Last week Sarah Thomson took to social media to recount her version of the events of Thursday March 7 when she attended the Canadian Jewish Political Affairs Committee Action Party event. Early Friday morning she posted to Facebook that Mayor Rob Ford grabbed her ass and made suggestive comments to the effect that he wished she had been in Florida with him as they could have had fun since his wife wasn’t there. She has characterized the incident as assault. Rob Ford has denied the allegations and said during his radio show on the weekend that he’s always believed that she is “not playing with a full deck”.
Both sides have made a variety of public accusations and statements since and in reviewing how this story is unfolding online we can take from it reminders of some timeless lessons about sexual assault.
Sexual Assault is not just about rape
In a comment on her Facebook post Ms. Thomson herself questions whether ass grabbing constitutes sexual assault. Yes it does. Not to mention the fact that it was supplemented by suggestive comments about having fun in his wife’s absence. That’s unwelcome sexual comments and unwelcome non-consensual sexual touching. That’s assault.
Alcohol doesn’t cause or justify sexual assault
Many people have been coming forward speaking to how much either of them had to drink that night. Suggestions of intoxication go both ways. It’s been noted that the event involved an open bar and eyewitnesses (including city counselors) have come forward to say that they saw Ms. Thomson drinking scotch. On her part she has said that Ford seemed drunk and “out of it” and openly questioned whether he was using cocaine.
Who was intoxicated on what is irrelevant. Coke doesn’t sexually assault women and whiskey doesn’t justify assaulting them or cause women to lie about it.
The “crazy woman” response is not ok
In his first public comment about Ms. Thomson’s experience of assault Rob Ford dismissed her by saying that in his opinion he’s always said, “I don’t know if she’s playing with a full deck”. Insulting the person calling you out for assault does not get you off the hook. It’s disrespectful, it’s ableist, it’s discriminatory and not a defense to your action.
The criminal justice system may not be the best remedy
In fact, in our experience it usually isn’t. Many people have questioned Ms. Thomson’s use of social media to speak out about her experience. Some have challenged her by arguing that if she was really telling the truth she should report it to the police, or that laying criminal charges is the best way to resolve this.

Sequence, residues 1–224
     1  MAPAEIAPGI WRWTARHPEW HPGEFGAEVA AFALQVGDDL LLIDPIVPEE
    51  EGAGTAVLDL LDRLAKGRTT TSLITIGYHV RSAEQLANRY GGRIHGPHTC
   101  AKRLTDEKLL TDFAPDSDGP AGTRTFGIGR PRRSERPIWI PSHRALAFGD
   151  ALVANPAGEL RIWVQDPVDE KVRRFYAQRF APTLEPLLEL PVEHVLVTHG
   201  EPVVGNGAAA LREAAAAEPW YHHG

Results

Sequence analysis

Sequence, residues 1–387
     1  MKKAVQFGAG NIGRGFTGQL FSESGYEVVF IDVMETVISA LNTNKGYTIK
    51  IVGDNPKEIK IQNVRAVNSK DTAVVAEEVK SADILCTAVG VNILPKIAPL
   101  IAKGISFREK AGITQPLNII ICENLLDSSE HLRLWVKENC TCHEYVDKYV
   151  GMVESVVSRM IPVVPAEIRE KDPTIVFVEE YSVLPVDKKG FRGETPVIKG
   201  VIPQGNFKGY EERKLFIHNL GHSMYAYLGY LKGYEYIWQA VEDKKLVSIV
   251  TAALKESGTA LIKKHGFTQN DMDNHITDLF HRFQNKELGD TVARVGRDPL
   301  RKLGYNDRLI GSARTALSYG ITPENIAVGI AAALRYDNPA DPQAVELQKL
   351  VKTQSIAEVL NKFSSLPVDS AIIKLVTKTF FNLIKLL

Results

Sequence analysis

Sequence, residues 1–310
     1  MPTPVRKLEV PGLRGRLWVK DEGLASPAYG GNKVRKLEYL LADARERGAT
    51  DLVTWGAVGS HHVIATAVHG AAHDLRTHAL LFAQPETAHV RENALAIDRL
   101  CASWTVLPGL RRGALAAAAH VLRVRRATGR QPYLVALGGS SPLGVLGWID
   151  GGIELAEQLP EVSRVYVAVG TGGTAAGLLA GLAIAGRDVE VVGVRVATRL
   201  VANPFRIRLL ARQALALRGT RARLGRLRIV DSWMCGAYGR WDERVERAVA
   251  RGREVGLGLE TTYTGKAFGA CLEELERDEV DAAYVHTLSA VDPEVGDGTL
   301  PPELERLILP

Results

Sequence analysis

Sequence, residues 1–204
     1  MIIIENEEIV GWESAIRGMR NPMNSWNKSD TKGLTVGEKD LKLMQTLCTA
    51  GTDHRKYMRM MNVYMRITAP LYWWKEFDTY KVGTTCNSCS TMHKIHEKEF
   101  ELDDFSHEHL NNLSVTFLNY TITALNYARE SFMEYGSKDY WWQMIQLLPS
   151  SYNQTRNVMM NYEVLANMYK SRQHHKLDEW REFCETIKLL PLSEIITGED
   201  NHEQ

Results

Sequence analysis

As feminists working in the anti- Violence Against Women movement have known for years, calling the police is often not a woman’s best option for seeking justice or for recovering from her assault. In fact, the criminal justice system often re-victimizes victims of sexual assault. Once involved in the criminal justice system, victims have no agency over the process and their voices are often not heard. Ms. Thomson taking to social media is a good reminder that women can seek resolution in the way that best suits them and that we don’t have to rely on police or the criminal justice system.
Friends and colleagues are assaulters
Rob Ford and Sarah Thomson were not strangers. As she mentioned, they spent a time on the campaign trail together in 2010 and on the night in question she had approached him to say hello. Ms. Thomson has said recently that up until this point she has always found Rob Ford to be respectful and professional. She also posted a photo of her and Rob Ford taken that night (she’s smiling and he has his eyes closed). Some haters have pointed out that she was looking pretty friendly and like she was having a good time.
Contrary to inaccurate stereotypes, sexual assault is not usually violence perpetrated by scary strangers. Statistically, aggressors most commonly are our family members, dates, partners, lovers, friends, employers, colleagues or acquaintances. And if she was smiling in the photo it doesn’t change the fact that she was not happy about the unwelcome non-consensual sexual touching that followed.
Misogyny is alive and well
It really only takes a quick glance at the comment section of any story to be reminded of this. It is disgusting to see how strangers viscerally attack Ms. Thomson in reaction to her speaking out about her sexual assault. From accusing her of lying, to calling her ass “too scrawny to be grabbed”, to threatening violence, to implying that she was asking for it.
This is not to mention the Mayor of Toronto’s own public record on women which is recounted in detail and in chronological order here at the end of this Grid piece.
Although we can’t predict how this story will continue to play out publicly and how and if Ms. Thomson can achieve some sort of satisfying closure we can definitely take these lessons as reminders of what we already know to be true: sexual assault takes many forms and remains a prevalent form of violence against women as does our society’s response to victims who chose to speak out against it.